Covenant are back with the Fieldworks Exkursion EP. A five-track collection, it shows the Swedes developing their interests in philosophy, sampling and rhythm.
With elements of the sound captured from environmental sources – a la Chris Watson – the band have turned their surroundings into sonic sources. The results are sculpted and moulded around the kind of synthetic scaffolding that they are known for.
For this EP, which is the first of a cycle of releases expected under the “Fieldworks” rubrik, each band member has taken the helm for one song. The resulting variations in style are more subtle than might be expected.
The opener, “Pantheon,” takes us to the sites of ancient temples via a Spanish airport and Kraftwerkian vocoder work. In places, it recalls Brian Eno’s commission from NASA, which makes sense if the temples connect us to spaces we can only glimpse from great distances.
“All That Is Solid Melts into Air” takes its name from a quote by Karl Marx. The lyrics focus on the dual horrors of capital and war, but Covenant manage to avoid the Pet Shop Boys’ bare didacticism. Eskil Simonsson’s distinctive vocals neatly carry the lines over the rhythm of small arms fire.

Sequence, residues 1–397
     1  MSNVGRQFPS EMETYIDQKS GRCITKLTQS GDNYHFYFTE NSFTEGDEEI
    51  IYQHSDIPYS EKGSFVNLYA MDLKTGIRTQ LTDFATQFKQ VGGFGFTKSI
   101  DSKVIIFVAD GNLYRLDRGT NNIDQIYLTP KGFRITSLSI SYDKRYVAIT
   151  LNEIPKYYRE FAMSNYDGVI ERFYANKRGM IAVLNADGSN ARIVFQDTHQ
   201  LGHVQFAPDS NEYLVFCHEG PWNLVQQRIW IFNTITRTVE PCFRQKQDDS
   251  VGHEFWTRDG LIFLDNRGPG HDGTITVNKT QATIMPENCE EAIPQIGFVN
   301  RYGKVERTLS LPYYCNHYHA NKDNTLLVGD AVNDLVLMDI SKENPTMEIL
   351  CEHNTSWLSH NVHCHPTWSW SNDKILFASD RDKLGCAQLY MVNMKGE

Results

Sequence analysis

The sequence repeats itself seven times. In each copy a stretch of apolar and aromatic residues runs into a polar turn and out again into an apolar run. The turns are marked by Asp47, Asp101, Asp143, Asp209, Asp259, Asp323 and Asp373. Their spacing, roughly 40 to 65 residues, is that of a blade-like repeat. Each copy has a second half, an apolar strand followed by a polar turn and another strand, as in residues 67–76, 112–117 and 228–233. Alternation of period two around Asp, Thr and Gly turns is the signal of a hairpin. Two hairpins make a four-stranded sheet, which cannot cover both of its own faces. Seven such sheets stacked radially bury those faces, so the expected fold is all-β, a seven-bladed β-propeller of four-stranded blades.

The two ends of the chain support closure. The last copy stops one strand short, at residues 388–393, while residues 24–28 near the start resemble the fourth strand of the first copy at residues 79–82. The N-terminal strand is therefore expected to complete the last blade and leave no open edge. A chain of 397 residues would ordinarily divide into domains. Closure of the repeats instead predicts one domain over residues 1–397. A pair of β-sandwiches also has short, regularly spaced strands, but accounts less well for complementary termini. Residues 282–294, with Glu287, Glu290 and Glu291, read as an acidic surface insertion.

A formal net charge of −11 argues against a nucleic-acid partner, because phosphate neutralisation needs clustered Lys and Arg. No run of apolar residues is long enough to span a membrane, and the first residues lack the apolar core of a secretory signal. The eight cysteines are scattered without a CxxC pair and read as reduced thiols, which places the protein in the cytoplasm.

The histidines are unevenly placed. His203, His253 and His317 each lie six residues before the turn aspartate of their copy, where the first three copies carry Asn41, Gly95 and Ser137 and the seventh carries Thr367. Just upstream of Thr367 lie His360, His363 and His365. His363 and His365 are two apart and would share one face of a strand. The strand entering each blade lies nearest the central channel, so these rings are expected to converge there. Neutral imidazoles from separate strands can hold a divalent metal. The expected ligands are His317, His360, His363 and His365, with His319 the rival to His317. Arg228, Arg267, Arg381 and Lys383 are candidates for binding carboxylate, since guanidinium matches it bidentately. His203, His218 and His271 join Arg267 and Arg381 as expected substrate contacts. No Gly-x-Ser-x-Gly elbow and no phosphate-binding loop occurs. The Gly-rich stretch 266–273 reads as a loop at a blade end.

The French singer Grabyourface makes an appearance on “False Gods,” which pulses insistently with critical synths. The Mayan creation myth inspires “Popul Vuh,” which combines a tale of lost continents with industrial loops and a synth line evocative of Laurie Anderson’s own story-telling accompaniments.
The EP wraps with “Das Nibelunglied (Erstes Abenteuer).” A German voice intones a tale over piano and bass tones, in a form perhaps familiar to Neubauten fans. It is brooding, mysterious and dark. The sounds between the notes are where the feeling lies, and the resonance lingers well after the recording ends.